The masterpieces of the seventeenth century Neapolitan find space in the rooms immediately following the work of Caravaggio. Battistello Caracciolo, Artemisia Gentileschi, Simon Vouet, Massimo Stanzione with the Sacrifice of Moses and the Martyrdom of Saint Agatha, Pietro Novelli, Cesare Fracanzano and Jusepe de Ribera known as the Spagnoletto with the Magdalene in meditation, Eterno Padre, Trinitas terrestris and San Girolamo and the Angel of Judgement. Another masterpiece by this artist is the Sileno Ebbro, oil on canvas rich in mythological, theatrical and natural elements.

To complete the painting of the seventeenth century, a great Neapolitan master Luca Giordano with his way of painting anticipates the eighteenth century and the Rococo present in the following rooms. Among the masterpieces that we can admire of this artist, a series of altarpieces that adorned the Neapolitan churches as time: The Ecstasy of St. Nicholas of Tolentino, the Elemosine of St. Thomas of Villanova, the Madonna of the Canopy, the Madonna of the Rosary and the Holy Family has the vision of the symbols of the Passion.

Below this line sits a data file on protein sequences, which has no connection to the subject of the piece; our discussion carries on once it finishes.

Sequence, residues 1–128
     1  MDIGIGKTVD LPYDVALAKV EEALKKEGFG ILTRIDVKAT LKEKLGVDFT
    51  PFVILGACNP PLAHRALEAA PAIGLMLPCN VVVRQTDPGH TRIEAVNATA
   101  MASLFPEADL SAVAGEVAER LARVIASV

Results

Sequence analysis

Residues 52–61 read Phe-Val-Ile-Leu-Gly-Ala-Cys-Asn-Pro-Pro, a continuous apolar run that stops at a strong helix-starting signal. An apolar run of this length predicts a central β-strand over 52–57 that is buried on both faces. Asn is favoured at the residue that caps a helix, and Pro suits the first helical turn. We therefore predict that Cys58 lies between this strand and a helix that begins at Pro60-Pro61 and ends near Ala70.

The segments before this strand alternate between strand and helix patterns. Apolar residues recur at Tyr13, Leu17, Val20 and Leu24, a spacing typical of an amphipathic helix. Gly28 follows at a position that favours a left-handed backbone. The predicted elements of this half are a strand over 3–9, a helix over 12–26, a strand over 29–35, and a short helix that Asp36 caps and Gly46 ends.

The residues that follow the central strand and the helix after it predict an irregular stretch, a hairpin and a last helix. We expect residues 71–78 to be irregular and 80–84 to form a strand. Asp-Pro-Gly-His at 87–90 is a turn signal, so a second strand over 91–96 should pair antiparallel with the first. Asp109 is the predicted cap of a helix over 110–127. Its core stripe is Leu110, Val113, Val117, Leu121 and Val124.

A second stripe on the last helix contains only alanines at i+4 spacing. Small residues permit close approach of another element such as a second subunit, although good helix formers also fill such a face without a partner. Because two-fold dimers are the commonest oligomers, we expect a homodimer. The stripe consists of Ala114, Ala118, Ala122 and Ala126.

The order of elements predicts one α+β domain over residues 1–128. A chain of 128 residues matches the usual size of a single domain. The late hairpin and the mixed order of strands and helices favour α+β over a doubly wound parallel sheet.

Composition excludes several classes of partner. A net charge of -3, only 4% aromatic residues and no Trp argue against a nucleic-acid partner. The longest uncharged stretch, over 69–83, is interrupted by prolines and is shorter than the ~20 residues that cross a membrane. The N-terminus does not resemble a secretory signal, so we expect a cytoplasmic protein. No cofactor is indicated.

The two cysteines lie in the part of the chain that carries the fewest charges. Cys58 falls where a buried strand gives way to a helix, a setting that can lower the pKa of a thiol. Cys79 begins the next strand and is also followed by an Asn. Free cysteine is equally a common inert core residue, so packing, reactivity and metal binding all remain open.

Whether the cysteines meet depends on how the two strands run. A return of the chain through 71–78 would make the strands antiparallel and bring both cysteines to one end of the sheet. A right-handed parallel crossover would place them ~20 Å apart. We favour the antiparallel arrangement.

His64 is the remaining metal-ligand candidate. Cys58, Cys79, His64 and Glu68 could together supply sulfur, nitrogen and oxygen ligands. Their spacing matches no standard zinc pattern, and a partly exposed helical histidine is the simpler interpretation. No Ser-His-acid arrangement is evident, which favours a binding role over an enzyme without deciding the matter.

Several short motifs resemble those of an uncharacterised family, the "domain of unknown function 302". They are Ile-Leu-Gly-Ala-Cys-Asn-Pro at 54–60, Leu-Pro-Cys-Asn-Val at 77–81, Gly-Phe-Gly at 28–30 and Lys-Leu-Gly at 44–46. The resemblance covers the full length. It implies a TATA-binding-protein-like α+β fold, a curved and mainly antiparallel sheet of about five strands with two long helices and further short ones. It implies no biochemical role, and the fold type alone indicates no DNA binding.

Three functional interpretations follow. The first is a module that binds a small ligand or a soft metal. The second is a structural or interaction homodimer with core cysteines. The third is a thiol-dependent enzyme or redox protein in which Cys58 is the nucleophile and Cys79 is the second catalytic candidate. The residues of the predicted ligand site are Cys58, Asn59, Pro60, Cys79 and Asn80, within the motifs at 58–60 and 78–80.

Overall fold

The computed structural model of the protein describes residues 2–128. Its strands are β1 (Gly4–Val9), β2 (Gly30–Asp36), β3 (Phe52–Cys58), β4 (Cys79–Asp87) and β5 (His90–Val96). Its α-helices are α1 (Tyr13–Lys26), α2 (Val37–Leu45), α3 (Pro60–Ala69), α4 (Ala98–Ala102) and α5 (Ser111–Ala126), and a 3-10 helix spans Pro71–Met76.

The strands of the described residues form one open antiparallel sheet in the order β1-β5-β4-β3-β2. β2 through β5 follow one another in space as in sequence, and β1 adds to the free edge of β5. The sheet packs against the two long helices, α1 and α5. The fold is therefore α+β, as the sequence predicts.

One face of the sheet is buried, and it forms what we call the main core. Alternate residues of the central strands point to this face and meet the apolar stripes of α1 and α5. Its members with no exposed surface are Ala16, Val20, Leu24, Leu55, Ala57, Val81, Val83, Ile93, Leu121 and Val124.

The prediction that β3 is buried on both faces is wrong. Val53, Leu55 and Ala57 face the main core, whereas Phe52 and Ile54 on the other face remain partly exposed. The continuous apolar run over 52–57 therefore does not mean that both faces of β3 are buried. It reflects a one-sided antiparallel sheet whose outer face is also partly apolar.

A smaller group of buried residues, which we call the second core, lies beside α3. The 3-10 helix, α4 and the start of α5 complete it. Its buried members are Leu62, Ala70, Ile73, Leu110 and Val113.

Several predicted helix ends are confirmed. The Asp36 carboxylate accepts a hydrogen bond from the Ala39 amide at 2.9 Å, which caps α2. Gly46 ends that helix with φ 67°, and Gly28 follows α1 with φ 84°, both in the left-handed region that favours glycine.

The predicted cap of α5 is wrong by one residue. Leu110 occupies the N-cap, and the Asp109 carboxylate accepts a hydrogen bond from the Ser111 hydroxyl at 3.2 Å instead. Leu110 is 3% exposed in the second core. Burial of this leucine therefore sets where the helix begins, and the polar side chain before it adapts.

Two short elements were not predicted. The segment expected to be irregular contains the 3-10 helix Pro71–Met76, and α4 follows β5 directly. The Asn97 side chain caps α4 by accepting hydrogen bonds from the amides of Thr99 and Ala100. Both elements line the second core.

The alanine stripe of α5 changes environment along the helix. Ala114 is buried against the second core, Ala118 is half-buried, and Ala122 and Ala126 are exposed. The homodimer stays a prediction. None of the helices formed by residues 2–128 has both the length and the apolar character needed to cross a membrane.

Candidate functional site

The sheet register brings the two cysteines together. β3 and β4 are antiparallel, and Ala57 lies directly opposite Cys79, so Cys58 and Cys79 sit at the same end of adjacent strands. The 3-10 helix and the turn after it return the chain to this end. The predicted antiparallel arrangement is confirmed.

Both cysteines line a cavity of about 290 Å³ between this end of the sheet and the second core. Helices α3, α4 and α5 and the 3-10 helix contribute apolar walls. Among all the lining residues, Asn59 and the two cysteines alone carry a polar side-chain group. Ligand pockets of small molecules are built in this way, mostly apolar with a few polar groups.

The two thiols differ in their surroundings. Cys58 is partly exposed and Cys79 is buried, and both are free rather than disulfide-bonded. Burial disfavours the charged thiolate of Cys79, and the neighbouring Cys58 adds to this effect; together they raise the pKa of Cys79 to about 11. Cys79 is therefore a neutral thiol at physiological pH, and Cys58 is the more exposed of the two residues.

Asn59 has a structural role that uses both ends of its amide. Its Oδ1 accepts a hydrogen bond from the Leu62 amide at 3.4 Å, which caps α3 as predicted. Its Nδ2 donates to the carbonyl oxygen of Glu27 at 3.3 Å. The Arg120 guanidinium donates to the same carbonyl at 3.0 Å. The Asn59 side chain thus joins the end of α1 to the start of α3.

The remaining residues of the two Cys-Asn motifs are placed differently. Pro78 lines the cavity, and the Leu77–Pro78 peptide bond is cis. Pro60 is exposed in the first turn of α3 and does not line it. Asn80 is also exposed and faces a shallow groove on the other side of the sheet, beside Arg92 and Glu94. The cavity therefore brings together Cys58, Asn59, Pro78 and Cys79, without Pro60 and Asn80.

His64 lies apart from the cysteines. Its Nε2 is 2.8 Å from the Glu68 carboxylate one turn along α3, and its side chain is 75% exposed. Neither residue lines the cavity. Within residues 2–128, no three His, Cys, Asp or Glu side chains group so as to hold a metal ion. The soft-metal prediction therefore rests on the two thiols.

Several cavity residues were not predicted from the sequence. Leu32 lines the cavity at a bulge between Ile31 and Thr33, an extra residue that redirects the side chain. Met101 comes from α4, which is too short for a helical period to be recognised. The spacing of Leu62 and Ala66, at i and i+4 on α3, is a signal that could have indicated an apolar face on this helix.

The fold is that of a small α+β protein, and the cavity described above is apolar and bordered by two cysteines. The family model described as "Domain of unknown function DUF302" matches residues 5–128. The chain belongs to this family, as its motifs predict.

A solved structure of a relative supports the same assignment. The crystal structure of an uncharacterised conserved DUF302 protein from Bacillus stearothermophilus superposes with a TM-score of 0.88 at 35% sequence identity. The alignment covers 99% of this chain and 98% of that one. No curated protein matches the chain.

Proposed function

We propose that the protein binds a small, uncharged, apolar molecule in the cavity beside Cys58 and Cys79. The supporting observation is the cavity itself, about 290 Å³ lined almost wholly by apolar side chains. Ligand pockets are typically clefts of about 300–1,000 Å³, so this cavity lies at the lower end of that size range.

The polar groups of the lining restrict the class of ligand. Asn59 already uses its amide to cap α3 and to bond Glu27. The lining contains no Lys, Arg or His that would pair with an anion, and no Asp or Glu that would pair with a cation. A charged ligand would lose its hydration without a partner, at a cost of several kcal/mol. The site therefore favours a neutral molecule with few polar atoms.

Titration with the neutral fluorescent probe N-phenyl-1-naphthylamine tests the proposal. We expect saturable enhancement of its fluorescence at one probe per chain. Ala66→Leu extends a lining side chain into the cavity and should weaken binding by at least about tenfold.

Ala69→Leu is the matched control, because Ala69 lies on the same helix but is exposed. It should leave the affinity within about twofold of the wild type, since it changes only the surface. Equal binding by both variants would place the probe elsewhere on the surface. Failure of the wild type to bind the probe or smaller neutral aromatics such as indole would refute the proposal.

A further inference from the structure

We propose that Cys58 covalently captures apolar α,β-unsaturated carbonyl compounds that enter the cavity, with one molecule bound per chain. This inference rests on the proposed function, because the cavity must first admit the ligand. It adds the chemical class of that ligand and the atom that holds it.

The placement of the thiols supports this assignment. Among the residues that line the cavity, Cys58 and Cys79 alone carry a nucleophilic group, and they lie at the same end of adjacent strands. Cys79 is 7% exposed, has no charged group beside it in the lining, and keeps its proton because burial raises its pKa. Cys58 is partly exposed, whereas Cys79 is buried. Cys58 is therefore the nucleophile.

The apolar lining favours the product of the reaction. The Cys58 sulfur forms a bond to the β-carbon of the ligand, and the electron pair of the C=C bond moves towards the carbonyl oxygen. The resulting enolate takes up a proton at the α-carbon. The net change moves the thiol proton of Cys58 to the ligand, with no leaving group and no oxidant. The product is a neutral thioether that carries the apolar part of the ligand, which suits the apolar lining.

To conclude the journey through the history of painting in Naples, the rooms dedicated to the mature eighteenth century with artists such as Gaspare Traversi, Giacomo del Pò, Domenico Antonio Vaccaro and Francesco de Mura.


Address: Via Miano, 2, 80131 Napoli NA

Timetable: Mon-Sun 8.30 am – 7.30 pm (Wednesday closing day) –

12 full price –

€ 2 reduced for visitors aged between 18 and 25 years

– 4 second floor museum ticket including exhibition on days with free admission and for holders of artecard.

Free admission for children under 18